Scientists are concerned that warmer soil may cause a warmer atmosphere that in turn may heat up the ground and perpetuate increase in temperatures. 

    Carbon is a greenhouse gas largely blamed for climate change. Global efforts to combat climate change are in fact, focused on reducing the amount of carbon released to the atmosphere. 

    Every year, the world pumps about 10 billion metric tons of this planet-warming gas into the atmosphere mainly through the burning of fossil fuels. The world's soil is believed to contain about 3,500 billion metric tons of carbon. 

  • Ozone Layer may face new threat
    The ozone layer, once dangerously thin in spots, has been slowly healing in recent years, thanks in large part to a 1987 treaty called the Montreal Protocol. That agreement required countries to phase out the most dangerous ozone-destroying chemicals, allowing the planet's protective UV shield to rebuild. 

    But the Montreal Protocol left out a group of chemicals that researchers thought at the time were too short-lived to pose a threat. Now, production of those chemicals is on the rise in East Asia, and new research suggests that seasonal air currents may carry them high enough to damage the ozone layer. 

    The ozone layer sits about 6 to 10 miles above Earth's surface in a region called the stratosphere. Previous research has suggested that during the Northern Hemisphere winter, cold surges rapidly suck polluted air from China and other parts of continental East Asia into the tropics, where it can be pushed up into the stratosphere. 

    The new study added weight to this hypothesis, using air samples collected from ground level in Taiwan and Malaysia and from airplanes flying over Southeast Asia. 

    Both on the ground and at altitudes of 7 miles, the researchers found startlingly high levels of several ozone-destroying chemicals that typically degrade within six months. One of these was a chemical called dichloromethane, which is used as a solvent, degreaser and paint stripper. Dichloromethane pollution has risen by about 60 percent worldwide over the past decade, according to past research.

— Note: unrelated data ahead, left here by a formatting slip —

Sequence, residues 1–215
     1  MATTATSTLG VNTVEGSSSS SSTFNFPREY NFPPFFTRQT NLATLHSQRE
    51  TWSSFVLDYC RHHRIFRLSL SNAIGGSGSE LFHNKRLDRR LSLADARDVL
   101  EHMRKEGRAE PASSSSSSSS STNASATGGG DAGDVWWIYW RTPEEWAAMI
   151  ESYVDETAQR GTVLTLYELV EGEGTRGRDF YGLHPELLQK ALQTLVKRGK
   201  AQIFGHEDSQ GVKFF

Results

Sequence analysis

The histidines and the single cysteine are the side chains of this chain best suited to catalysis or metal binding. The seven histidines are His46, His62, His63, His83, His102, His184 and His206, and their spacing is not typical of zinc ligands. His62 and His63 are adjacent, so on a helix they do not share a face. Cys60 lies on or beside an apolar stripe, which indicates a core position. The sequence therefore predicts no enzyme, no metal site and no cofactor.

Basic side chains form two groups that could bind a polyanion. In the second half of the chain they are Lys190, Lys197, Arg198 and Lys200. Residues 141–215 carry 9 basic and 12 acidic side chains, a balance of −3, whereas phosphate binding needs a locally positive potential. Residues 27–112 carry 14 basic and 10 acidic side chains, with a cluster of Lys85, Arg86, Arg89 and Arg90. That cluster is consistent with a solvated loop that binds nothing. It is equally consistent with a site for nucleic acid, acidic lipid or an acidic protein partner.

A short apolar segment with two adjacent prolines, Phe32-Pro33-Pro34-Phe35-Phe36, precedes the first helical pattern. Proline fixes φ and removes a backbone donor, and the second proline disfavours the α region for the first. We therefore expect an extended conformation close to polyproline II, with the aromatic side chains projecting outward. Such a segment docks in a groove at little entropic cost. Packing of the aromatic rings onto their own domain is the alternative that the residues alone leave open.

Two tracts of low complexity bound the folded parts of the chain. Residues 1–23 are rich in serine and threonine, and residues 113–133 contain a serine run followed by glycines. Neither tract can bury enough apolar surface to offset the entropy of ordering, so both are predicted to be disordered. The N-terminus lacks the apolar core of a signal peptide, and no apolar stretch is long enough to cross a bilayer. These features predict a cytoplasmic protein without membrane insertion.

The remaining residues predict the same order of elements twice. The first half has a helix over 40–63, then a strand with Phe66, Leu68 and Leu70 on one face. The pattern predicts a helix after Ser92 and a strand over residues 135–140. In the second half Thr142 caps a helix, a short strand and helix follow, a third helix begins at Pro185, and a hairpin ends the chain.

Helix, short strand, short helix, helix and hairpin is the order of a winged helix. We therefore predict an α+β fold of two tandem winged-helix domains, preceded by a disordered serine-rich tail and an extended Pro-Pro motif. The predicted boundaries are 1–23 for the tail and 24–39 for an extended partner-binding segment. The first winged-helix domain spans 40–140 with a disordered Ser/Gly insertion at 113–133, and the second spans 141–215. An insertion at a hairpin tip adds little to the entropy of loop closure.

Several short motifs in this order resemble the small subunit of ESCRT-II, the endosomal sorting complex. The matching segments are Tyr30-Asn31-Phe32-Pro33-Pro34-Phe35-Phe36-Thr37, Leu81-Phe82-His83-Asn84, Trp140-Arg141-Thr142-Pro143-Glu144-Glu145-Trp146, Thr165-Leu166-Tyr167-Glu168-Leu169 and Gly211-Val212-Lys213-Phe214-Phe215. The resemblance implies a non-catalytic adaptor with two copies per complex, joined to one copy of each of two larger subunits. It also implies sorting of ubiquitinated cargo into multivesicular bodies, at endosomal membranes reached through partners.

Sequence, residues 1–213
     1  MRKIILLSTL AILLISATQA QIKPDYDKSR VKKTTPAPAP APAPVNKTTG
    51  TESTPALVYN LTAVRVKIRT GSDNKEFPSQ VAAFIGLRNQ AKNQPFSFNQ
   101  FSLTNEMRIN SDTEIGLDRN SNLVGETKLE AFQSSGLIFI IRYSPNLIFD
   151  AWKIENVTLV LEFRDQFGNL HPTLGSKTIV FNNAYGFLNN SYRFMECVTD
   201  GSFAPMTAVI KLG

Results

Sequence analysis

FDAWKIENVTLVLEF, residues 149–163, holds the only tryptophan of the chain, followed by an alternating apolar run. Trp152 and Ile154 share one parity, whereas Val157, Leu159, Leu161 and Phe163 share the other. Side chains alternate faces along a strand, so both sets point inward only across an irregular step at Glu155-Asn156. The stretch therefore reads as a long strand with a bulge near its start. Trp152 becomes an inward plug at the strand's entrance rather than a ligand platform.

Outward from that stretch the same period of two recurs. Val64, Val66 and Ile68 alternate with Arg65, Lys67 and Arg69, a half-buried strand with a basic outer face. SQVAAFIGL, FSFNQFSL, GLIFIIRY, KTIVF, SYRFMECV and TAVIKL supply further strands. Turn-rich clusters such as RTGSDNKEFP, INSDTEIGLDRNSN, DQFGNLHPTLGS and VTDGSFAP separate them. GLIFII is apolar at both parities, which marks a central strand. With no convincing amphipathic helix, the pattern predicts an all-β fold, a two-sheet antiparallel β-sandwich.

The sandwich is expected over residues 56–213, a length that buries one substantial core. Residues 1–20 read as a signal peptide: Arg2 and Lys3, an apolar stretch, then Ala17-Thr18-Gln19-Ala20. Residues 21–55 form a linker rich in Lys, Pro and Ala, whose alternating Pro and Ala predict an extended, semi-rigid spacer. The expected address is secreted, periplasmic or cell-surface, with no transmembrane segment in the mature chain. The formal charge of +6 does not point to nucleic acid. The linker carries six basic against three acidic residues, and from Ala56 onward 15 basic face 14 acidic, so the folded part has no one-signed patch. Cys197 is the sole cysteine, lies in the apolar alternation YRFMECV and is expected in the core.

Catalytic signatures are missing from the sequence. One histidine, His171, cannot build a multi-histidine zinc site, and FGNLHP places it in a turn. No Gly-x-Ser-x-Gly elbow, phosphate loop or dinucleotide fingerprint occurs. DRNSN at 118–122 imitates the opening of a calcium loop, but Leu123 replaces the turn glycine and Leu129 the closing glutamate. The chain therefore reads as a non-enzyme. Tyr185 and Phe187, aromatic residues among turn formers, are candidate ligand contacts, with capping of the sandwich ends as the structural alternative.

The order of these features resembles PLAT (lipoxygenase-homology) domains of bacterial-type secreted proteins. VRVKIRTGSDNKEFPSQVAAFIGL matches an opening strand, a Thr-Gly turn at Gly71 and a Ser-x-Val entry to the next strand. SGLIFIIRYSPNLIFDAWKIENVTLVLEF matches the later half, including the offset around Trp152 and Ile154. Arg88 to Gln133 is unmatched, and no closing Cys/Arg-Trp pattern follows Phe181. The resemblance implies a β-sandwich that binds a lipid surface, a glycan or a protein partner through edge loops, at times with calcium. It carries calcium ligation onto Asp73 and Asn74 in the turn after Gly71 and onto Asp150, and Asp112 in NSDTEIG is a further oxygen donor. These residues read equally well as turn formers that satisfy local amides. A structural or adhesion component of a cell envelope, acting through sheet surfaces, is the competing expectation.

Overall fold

In a more surprising finding, the researchers also measured high concentrations of a chemical known as 1,2-dichloroethane. Dichloroethane is used to produce the common plastic PVC, but not typically in ways one would expect to release large amounts of the chemical into the air -- particularly given that it is highly toxic, according to the researchers. 

    Together, the findings suggest that short-lived pollutant concentrations could increase in the stratosphere in coming years, once more endangering the ozone layer, according to the authors. They published their findings in Atmospheric Chemistry and Physics. 

  • Turtle Sanctuary to be set up in Allahabad
    The Union Ministry of Water Resources approved a project to set up Turtle sanctuary in Allahabad along with River Biodiversity Park at Sangam in Allahabad. The purpose of the Turtle sanctuary is to protect the rich aquatic biodiversity of river Ganga from escalating anthropogenic pressures. 

    This project will provide a platform to make the visitors aware of their place in the ecosystem, their roles, and responsibilities, improve their understanding of the complexity of co-existence with the environment. 

    The sustenance of more than 2000 aquatic species including threatened gharials, dolphins and turtles in river Ganga exemplifies rich biodiversity of River Ganga.